Global agriculture leader Corteva Agriscience, in collaboration with the Department of Agriculture, recently held a forum for farmer leaders, agriculture organizations and industry leaders to help control the growing Fall Armyworm infestations across the Philippines.
Corteva invited agriculture experts to discuss the spread and status of FAW in the country and offer sustainable solutions and strategies to manage the pest problem.
Fall Armyworm feeds on several plant species but is most common in corn crops. It is native to the tropical regions of the western hemisphere from the United States to Argentina and has quickly become prevalent across Southeast Asia since it arrived in the region in 2018.
In the Philippines, FAW infestation was first reported in June 2019 in Piat, Cagayan province. To date, a total of 19,646 hectares of corn crops and 160 hectares of sugarcanes have been infested in almost all regions in the country.
“The FAW Forum is a part of our commitment to provide continuous learning and education to Filipino farmers under the memorandum of understanding inked with the Department of Agriculture last year. We wanted to stage a cross-sharing on FAW situations in the Philippines to deeply understand the threats and impact it poses to our agriculture sector. At the same time, it was an avenue to exchange ideas on how to further improve our FAW management strategies,” said Corteva Agriscience Philippines country director Arun Mittal.
Data from the DA show that if left unaddressed, FAW infestations can potentially result in an estimated 20-percent yield loss from 2.5 million hectares of corn fields with an estimated volume loss of 1.6 million metric tons valued at P20 billion within corn’s crop year.
Despite resources being sometime inadequate, the collective effort of the DA and agriculture leaders helped the sector achieve a decline in cases as of Oct. 5, 2020.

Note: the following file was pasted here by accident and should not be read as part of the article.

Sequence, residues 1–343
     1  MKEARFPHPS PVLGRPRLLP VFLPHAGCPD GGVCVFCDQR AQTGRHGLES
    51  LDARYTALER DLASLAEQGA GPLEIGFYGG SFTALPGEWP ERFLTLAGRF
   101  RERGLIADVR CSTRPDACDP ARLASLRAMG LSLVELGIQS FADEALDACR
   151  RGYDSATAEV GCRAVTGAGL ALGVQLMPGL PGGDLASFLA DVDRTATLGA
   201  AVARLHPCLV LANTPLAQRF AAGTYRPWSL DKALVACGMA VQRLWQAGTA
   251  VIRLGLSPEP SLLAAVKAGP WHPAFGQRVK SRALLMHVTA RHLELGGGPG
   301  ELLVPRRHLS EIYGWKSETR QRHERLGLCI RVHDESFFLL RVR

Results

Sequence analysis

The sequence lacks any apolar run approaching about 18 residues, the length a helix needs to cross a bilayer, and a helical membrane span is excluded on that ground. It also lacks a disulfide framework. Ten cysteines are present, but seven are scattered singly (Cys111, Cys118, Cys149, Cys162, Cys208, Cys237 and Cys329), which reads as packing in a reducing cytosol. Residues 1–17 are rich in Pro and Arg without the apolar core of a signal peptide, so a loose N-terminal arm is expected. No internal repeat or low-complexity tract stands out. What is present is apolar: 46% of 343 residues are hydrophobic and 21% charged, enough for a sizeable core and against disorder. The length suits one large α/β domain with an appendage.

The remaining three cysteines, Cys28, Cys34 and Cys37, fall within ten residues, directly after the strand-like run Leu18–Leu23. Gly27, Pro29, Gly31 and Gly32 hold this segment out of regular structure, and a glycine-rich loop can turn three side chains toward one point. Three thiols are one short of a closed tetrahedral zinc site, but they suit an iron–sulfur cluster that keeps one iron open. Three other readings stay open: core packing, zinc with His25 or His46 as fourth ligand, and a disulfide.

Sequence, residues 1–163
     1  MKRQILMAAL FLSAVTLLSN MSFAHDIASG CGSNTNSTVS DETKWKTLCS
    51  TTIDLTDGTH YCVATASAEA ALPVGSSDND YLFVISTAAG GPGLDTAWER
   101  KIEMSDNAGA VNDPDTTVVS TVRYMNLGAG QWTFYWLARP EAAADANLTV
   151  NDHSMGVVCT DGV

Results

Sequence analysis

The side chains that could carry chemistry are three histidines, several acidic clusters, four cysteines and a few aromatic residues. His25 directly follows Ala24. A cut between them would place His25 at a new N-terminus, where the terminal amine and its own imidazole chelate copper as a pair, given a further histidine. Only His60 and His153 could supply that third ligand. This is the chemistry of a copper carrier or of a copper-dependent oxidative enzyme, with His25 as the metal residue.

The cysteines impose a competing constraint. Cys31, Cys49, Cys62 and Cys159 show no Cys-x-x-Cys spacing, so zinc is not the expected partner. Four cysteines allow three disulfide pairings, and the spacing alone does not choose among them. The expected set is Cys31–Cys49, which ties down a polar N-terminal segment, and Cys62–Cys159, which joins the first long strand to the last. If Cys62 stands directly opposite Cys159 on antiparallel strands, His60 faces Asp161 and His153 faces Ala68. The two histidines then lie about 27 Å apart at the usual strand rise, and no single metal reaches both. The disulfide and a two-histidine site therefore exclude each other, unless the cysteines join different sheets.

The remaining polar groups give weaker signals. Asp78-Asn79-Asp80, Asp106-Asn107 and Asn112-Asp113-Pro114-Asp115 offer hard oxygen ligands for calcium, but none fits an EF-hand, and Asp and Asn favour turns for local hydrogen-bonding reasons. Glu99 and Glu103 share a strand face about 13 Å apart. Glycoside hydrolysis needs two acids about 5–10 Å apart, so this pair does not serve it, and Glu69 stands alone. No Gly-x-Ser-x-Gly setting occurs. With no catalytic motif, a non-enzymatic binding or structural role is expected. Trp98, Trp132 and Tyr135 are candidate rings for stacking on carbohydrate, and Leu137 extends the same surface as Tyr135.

“To fully address our FAW problem, we call on the private sector, the academe, local government units, and other institutions that have both the technical and financial capabilities to collaborate with us. Let’s work together to fight FAW,” said Agriculture Secretary William Dar. “I congratulate Corteva and other collaborators for this joint endeavor.”
Corteva has made integrated and sustainable approaches for FAW management available to Filipino farmers. These strategies include incorporation of insect tolerant traits into superior corn varieties using modern plant breeding and biotechnological tools and conventional crop protection solutions—including both seed applied as well as in-field applied crop protection technologies.
The agriculture leader offers superior hybrid corn varieties such as Pioneer brand Intrasect blended refuge products, also popularly known as Pioneer YHR, which provides control for both Asian corn borer and Fall Armyworm.
It also provides tolerance to glyphosate herbicide. Intrasect blended refuge products have a biosafety permit from the Bureau of Plant Industry and is registered as plant-incorporated protectant under the FPA.
Other FPA-approved products of Corteva for the control of FAW are Exalt 60 SC, a foliar insecticide containing spinetoram which is a green chemistry product, and Lumivia, another insecticide used as seed treatment to protect young seedlings from damage by early pests.
“Corteva develops technologies to help protect the crops and increase the productivity of our farmers since with high yield potential come high income potential. Agriculture is the backbone of the Philippine economy, and we believe that the individual improvements of the livelihood of each of our farmers mean the progress of the entire nation,” said Mittal.
With Corteva’s integrated and sustainable approaches that include seed applied technology, crop protection, and seed genetics and traits, farmers will have access to solutions for more effective management of Fall Armyworm and to protect their yield.
COMMENT DISCLAIMER: Reader comments posted on this Web site are not in any way endorsed by Manila Standard. Comments are views by manilastandard.net readers who exercise their right to free expression and they do not necessarily represent or reflect the position or viewpoint of manilastandard.net. While reserving this publication’s right to delete comments that are deemed offensive, indecent or inconsistent with Manila Standard editorial standards, Manila Standard may not be held liable for any false information posted by readers in this comments section.